AI for Good: Coding for a better world

Sandra Loyd
Markus Matiaschek worked with the Child Growth Monitor for Welthungerhilfe developed an app for smartphones to determine malnutrition in children. The children only have to use it to scan the helpers, and artificial intelligence does the rest. (Figure: Zeitz / Welthungerhilfe)

A new alliance of programmers, financially strong tech companies, and NGOs are formed. Together they want to solve global problems such as poverty, hunger, and climate change. However, it is not that simple in everyday life.

In the best-case scenario, the procedure only takes two minutes. Once upon the scales, then measure your height with the wooden stick and finally put on a ribbon to read your arm circumference. If the child stays still during the examination, you will be done very quickly. But that almost never works. Children move, fidget, run around, especially the younger ones. Ten minutes and more are therefore the rule to collect the data. And then there are the boys and girls who can’t keep still. “You don’t have a chance with them,” says Markus Matiaschek. “But these are often the most urgent cases.”

47 million children suffer from emaciation, which is a sign of acute malnutrition is, 144 million children chronically get insufficient protein, vitamins, iron, iodine, or other nutrients. Welthungerhilfe recently published these figures and warned that the fight against hunger is proceeding too slowly. Climate change, droughts, and conflicts are hampering the supply of food – and Covid-19 is further exacerbating the drama. For months it has been almost impossible to measure children because you would have to get close to them.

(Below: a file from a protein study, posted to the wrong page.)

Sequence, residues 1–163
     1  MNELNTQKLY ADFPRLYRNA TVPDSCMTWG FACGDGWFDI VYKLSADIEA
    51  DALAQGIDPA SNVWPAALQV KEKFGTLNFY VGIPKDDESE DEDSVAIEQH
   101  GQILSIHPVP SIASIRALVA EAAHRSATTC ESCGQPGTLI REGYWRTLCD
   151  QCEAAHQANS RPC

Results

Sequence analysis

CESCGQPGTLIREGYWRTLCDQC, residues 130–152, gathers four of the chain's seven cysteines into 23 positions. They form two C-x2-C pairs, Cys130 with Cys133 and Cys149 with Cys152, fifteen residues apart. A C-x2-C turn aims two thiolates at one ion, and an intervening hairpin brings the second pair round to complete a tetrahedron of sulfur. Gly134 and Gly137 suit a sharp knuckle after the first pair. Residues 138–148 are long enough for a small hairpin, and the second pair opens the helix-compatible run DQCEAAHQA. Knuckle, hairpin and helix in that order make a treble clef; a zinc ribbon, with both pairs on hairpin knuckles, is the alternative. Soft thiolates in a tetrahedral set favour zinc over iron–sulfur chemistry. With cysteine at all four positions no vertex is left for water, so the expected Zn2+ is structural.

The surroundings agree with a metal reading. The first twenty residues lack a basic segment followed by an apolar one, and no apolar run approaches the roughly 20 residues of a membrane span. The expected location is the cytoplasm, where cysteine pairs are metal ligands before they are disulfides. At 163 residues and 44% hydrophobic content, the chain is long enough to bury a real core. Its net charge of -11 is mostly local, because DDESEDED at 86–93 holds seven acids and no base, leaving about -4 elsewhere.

Matiaschek knows them, Children. The programmer who works for Welthungerhilfe met her on his travels to India. He has traveled to villages and slums several times, now he is sitting in Würzburg in the Cube, a light-flooded hub for founders in which he has rented. The 37-year-old wears a dark checked shirt, three-day beard, his hair tucked behind his ear, and explains how he wants to solve the problem: digitally, namely with the Child Growth Monitor.

It is a smartphone app with which helpers children only have to scan from the front and from the back, the rest is done by artificial intelligence. It determines how tall and heavy the children are and the size of their upper arm – and whether these values ​​indicate healthy development. Or whether help is needed. The app will be ready in a few weeks, says Matiaschek. After almost three years of work.

In the end, one did not often get the impression that digitization had a positive effect on society. Hate speech, right-wing networks, rigged elections, disinformation campaigns – everywhere tech seems to produce only the worst in people. Or mainly to be used to optimize online marketing and to fuel consumption.

But more and more programmers, Scientists, politicians, and founders see artificial intelligence, blockchain, big data, and IoT as a kind of game-changer for global problems. The World Economic Forum stated that the “technologies of the fourth industrial revolution” could have a “big impact” on ten of the 17 sustainability goals; 70 percent of the 169 sub-goals could be tackled directly. UN aid agencies such as Unicef ​​or UNHCR are experimenting with AI, researchers in Oxford are investigating the question of how “AI for Social Good” projects should be designed, in Germany the Federal Environment Ministry supports sustainable tech founders – and companies in Silicon Valley are also involved. You have started programs to promote non-profit and eco-social startups.

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